Several weeks ago, I received an email from one of the nation's top political reporters. The bottom line: This reporter could not understand why editors and other reporters in the newsroom could not do the math and realize that the pro-life Democrats in the House of Representatives were serious. They wanted an up-or-down vote on the status of the Hyde Amendment and its attempts to ban federal funds from being spent to fund abortions. This reporter was reading many of the same commentaries that I was reading, by people like E.J. Dionne and Jim Wallis. The pro-life left had quietly or vocally backed the candidacy of Barack Obama and now they wanted some respect.
It was clear that, with their support, some significant form of health-care reform had a very good chance of passing. Without their support? That would be a really tight situation. It was all there in the math. And behind the math was another reality. It would be easier to pass health-care reform with the help of the U.S. Catholic Bishops than without it.
Why couldn't other reporters see this?
Now we have this frank headline from the New York Times: "Abortion Was at Heart of Wrangling." Here's the lede and it contains two very, very important words:
WASHINGTON -- It was late Friday night and lawmakers were stalling for time. In a committee room, they yammered away, delaying a procedural vote on the historic health care legislation. Down one floor, in her office, House Speaker Nancy Pelosi desperately tried to deal with an issue that has bedeviled Democrats for more than a generation -- abortion.
After hours of heated talks, the people she was trying to convince -- some of her closest allies -- burst angrily out of her office. Her attempts at winning them over had failed, and Ms. Pelosi, the first woman speaker and an ardent defender of abortion rights, had no choice but to do the unthinkable. To save the health care bill she had to give in to abortion opponents in her party and allow them to propose tight restrictions barring any insurance plan that is purchased with government subsidies from covering abortions.
The key word? That would be "Democrats."
The other key word? That would be "propose."
From the start, this was a battle between Democrats and, in particular, two kinds of Democrats -- Catholics who accept their church's teachings on the "life" issues and the conservative Southern Democrats, often evangelicals, that the party had to embrace if it truly wanted to elect a Democratic majority in the House.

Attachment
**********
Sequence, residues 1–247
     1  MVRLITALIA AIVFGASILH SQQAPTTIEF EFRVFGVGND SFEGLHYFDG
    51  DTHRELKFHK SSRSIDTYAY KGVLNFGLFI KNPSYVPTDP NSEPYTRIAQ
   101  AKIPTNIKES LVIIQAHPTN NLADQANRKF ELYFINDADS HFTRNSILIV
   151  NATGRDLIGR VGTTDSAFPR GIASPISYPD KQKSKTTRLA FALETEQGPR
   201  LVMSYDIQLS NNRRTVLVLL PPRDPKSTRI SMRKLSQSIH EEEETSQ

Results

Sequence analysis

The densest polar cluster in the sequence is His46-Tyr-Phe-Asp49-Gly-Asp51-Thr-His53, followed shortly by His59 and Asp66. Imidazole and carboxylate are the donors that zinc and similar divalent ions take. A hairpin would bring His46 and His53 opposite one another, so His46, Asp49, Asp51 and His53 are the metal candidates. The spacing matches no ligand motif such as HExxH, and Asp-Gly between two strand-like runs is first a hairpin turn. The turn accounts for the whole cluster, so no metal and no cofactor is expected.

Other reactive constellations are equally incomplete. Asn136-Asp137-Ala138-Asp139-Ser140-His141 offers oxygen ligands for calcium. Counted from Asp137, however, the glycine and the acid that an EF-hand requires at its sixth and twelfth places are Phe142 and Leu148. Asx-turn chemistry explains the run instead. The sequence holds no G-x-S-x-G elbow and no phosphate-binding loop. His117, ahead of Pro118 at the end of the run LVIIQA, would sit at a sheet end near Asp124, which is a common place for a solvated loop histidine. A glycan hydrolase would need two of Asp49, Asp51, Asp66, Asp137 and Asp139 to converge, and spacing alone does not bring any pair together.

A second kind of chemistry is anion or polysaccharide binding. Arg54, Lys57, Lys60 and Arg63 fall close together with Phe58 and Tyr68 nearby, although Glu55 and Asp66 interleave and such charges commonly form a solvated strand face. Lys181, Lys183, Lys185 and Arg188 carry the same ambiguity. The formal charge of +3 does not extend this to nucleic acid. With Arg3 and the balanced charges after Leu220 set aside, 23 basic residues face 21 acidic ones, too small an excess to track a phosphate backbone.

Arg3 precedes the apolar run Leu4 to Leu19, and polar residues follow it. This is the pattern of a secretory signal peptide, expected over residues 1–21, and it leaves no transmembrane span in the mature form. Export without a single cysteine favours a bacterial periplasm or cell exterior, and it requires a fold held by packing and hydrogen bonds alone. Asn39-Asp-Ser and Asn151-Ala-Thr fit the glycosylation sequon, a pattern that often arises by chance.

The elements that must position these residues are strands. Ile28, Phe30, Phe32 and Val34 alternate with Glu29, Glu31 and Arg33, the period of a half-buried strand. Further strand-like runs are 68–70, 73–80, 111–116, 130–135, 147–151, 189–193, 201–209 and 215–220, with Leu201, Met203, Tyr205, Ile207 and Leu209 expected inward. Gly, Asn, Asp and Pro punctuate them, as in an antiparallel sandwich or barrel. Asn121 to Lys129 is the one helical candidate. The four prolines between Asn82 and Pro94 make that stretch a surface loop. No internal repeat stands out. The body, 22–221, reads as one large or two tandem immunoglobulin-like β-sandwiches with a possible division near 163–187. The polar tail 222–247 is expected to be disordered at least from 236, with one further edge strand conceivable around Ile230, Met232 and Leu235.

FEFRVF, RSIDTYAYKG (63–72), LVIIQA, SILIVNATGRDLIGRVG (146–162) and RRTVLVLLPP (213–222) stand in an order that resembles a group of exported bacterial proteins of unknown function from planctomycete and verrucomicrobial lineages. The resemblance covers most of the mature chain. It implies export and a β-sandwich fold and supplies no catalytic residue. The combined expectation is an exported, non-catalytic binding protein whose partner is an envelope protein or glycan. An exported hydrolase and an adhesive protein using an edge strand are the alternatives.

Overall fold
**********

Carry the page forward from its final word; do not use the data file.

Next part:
In other words, this was largely about the "pew gap," that factor in American politics that indicates that the more a person attends worship services the more likely they are to vote Republican.
But note again, this fight was between Democrats.
Remember the horrid red state-blue state maps after the 2000 and 2004 elections? Well, the reality is that there are red zip codes and blue zip codes, which is why all of this is taking place in the House. Also, the press now has to see that there are Democrats that are red on some issues and blue on others. There is a pro-life left. There is a pro-life middle. There is a pro-life right. And, by the way, there is a pro-abortion-rights wing on the GOP right, as well.
So what is the point? The point is that abortion, as an issue, is not a simple left vs. right matter in American politics -- at least, not in the House, where zip codes really, really matter. And if reporters want to cover the middle of the voting spectrum, that means covering Catholic voters, all four kinds.
This fight will, of course, start all over again after the conference negotiations with the Senate. But the pro-life Democrats got their Hyde Amendment vote and, of course, they knew they would win it. Pelosi knew it, too.
Thus, the Times story states the obvious:
Through the 1980s, the Democrats struggled over abortion. But by the 1990s, the share of Americans supportive of abortion rights had grown. Democrats lost their majorities for 12 years, leaving the most liberal and pro-abortion rights members in office. As a result it seemed to fade as a public issue. Now, however, Democrats once again have a large and diverse House majority, with more members from conservative-leaning districts where anti-abortion rights groups are active.
The story mentions the negotiations with the U.S. bishops, of course. But there is more to this story than that. Here is a major story angle: Abortion is not fading, as a moral, religious, scientific and political issue. Look at the polls.
You can't cover the health-care wars without facing that fact, and the reality that these issues are being debated in both major political parties.